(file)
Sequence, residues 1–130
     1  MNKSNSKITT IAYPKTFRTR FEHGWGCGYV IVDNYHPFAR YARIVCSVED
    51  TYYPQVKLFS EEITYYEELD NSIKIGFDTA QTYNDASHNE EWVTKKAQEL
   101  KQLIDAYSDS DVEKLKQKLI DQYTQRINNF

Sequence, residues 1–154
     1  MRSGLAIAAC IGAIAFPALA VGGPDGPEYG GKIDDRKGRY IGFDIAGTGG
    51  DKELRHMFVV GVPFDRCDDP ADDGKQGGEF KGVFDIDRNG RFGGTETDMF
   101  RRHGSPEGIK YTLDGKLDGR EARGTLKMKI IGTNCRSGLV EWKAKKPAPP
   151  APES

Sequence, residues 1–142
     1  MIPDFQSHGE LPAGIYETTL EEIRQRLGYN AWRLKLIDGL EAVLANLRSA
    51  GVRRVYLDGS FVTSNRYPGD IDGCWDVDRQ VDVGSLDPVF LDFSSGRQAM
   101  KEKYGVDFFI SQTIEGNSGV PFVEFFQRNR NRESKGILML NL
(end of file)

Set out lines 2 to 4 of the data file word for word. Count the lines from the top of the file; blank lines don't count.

     1  MNKSNSKITT IAYPKTFRTR FEHGWGCGYV IVDNYHPFAR YARIVCSVED
    51  TYYPQVKLFS EEITYYEELD NSIKIGFDTA QTYNDASHNE EWVTKKAQEL
   101  KQLIDAYSDS DVEKLKQKLI DQYTQRINNF